Lidia Conde (Frankfurt) | The fourth globalization now punishes the German middle class, which perceives how the revolution accelerates and introduces new elements such as the competence of Indian computer experts operating from home: they do not need to emigrate to work.
Articles by Lidia Conde
About the Author
Lidia Conde (Frankfurt) | What do we save, the climate or the economy, at a moment when globalisation is accelerating, impacting above all on the middle class? What is the third way in this stage of history when artificial intelligence and automation is creating ever more social conflict? Germany is debating the future.
Lidia Conde (Fráncfort) | Daniel Dettling is professor, editor and president of the Future Institute of Berlin Zukunftspolitik, one of the most prestigious European think tanks in Euro trends and futures thinking. Advises parties, ministries and companies. In his last book, “An agenda for the Neorepublic”, he focuses on the configuration of a just future.
Lidia Conde (Frankfurt) | Germany is its firms. Germany is Deutsche Bank, Bayer, Thyssenkrupp, VW. What German executive Dieter Zetsche said a few weeks ago, that “it is not clear that the brand Mercedes Benz will exist in the future”, symbolises the identity crisis generated by global pressure, digitalisation and the latest technological revolution. Many of the consortia which form part of the German economic identity are between a rock and a hard place. It would be the definitive goodbye to the so-called Germany Ltd.
Lidia Conde (Fráncfort) | Achim Wambach has been the president of the European economic think tank ZEW in Mannheim since 2016. He is also president of the antimonopoly commission and the Association for Social Policy. He forms part of National Platform on Electromobility and works in the advisory council of the State of Baden-Württemberg for sustainable economic development.
Lidia Conde (Frankfurt) | All the labour market data in the country are brilliant. Since 2007 it has gone from 40.3 million people in work to 45.2 million in 2019 (45.5 in 2020). In ten years Germany has gone from 8.6% unemployment to 3.1%. There is even a shortage of skilled labour. And its citizens are happier than ever with their quality of life.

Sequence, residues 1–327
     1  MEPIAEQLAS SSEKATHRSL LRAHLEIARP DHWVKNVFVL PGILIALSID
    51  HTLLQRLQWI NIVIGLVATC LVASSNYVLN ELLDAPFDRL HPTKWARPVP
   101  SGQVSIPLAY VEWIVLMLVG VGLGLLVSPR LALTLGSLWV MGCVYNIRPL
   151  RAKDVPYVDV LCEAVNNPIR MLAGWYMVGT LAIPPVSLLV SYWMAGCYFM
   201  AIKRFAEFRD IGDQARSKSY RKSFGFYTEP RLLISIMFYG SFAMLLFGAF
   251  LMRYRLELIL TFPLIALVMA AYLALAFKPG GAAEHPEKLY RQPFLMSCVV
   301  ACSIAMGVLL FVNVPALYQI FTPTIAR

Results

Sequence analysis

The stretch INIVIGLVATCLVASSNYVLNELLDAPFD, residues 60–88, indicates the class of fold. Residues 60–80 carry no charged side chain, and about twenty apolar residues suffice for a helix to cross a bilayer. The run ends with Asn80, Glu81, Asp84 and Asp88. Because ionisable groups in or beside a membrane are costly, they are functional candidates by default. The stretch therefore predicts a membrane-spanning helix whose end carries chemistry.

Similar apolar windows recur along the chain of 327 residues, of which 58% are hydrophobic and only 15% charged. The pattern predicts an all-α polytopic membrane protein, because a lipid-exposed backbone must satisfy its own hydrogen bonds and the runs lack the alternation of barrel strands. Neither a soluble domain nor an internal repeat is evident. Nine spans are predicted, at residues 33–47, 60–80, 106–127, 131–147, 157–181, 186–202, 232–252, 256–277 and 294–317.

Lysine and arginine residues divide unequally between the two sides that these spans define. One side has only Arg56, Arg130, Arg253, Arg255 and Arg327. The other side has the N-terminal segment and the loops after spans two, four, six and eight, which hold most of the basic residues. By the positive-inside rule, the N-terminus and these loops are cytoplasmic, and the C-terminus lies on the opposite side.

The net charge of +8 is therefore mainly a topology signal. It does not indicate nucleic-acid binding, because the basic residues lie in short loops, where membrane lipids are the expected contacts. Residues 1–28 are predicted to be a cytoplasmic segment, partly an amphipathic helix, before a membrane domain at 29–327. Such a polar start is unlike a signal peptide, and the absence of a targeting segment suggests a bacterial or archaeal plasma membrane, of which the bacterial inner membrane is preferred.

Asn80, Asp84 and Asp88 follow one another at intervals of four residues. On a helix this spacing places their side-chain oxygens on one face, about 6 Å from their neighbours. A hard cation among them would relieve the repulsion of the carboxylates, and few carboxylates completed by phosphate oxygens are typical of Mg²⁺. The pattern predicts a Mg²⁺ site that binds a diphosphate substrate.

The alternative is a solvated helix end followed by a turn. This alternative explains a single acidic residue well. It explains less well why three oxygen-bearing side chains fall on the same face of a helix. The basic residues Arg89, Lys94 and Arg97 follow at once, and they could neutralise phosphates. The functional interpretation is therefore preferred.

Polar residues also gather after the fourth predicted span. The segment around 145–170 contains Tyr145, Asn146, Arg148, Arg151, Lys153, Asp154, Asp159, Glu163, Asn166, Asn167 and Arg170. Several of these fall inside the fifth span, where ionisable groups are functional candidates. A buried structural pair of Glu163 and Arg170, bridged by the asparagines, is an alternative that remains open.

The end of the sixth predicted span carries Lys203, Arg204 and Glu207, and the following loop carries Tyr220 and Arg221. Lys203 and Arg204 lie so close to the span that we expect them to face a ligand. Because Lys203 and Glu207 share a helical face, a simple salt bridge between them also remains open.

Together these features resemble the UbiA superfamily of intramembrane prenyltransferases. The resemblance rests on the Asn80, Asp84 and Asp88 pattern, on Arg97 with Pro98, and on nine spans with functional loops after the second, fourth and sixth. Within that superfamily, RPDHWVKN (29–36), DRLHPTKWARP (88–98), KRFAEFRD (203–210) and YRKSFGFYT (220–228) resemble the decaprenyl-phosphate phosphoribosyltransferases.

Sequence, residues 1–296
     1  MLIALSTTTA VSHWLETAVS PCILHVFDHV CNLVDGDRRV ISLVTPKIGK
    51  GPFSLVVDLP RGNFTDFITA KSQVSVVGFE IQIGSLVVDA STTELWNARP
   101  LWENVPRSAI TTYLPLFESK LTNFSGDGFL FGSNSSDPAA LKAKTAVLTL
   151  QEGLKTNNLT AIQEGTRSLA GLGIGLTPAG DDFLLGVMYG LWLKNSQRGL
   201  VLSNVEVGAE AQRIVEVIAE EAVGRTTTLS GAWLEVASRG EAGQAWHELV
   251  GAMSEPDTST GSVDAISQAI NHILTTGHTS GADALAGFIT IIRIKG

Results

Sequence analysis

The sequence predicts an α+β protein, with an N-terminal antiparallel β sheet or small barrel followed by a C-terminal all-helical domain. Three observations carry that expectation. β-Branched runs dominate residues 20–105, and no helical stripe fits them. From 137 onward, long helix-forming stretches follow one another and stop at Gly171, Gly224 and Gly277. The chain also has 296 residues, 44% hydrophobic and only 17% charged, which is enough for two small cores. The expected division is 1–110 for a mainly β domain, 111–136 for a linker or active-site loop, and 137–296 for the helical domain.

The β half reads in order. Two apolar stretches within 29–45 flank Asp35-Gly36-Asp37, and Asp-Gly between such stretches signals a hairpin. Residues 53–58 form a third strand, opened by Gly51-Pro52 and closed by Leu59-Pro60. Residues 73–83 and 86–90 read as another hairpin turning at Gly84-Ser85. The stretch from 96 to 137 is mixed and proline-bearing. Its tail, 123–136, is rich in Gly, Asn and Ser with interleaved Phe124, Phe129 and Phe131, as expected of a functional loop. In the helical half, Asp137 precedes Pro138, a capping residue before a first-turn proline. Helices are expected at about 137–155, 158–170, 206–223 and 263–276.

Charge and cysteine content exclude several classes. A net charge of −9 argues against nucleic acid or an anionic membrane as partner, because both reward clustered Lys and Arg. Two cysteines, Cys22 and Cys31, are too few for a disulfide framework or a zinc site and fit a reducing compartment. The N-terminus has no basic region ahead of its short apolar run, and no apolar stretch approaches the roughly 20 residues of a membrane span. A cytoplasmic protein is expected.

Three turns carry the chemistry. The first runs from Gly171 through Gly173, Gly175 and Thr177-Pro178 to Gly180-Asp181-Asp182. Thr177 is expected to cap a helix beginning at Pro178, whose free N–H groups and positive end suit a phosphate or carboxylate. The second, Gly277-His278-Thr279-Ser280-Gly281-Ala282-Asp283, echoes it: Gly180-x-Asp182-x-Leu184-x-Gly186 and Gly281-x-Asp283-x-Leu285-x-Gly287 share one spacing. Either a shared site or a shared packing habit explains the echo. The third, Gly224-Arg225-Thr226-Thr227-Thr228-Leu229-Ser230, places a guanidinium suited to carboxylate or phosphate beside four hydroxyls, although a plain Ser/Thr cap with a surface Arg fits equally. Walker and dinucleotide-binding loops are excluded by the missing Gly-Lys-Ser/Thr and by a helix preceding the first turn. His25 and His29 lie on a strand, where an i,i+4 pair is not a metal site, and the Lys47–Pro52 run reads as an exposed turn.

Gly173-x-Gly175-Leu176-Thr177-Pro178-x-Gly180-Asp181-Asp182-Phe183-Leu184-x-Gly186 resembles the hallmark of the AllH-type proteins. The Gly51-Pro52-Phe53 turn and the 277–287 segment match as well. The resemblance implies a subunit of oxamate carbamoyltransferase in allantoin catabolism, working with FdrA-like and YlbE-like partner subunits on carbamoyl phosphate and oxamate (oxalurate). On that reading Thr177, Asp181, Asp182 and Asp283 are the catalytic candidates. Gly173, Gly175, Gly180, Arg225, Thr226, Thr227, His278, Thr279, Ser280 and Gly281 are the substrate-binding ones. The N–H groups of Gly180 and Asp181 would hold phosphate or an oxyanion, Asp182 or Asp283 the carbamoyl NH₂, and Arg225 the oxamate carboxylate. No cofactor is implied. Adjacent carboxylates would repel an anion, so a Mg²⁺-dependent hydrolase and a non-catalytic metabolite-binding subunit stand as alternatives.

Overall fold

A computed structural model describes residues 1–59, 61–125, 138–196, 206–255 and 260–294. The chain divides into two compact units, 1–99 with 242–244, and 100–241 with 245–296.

Between July 2015 and July 2018, 1.3 million people have sought asylum in Germany. The three years between the festive welcome to the refugees in Munich railway station and the xenophobic revolt in Chemnitz (Saxony) in September – after the stabbing of a 35 year old German, reportedly by foreigners – have seen an unprecedented renaissance of conservative politics.
Gabriel Felbemayr, since 2010 Director of the Centre for Foreign Economy at the Ifo Institute in Múnich, explains that “the EU has a clear advantage over the US in the old economy: cars, machinery and chemicals. But the US enjoys an advantage in the so-called new economy, in digital and financial services, leisure. This is the target for the EU.”
Trump is contagious. The President of Bavaria, Markus Söder, and the conservative Interior Minister, Horst Seehofer, both Social Christians, have found the magic recipe of Germany first politics to defend their coalition’s -CSU is the partner of Merkel’s CDU in Berlin- absolute majority in the next state elections in the region in October.
Lidia Conde (Frankfurt) | “Some German federated states contribute to finance the budgets of other Länder to enjoy a similar living standard, but the experience is that the differences between those who pay and those who receive are consolidated. That’s why this system does not operate in Europe,” says Volker Wieland, one of the five members of the German Government´s Council of Economic Experts.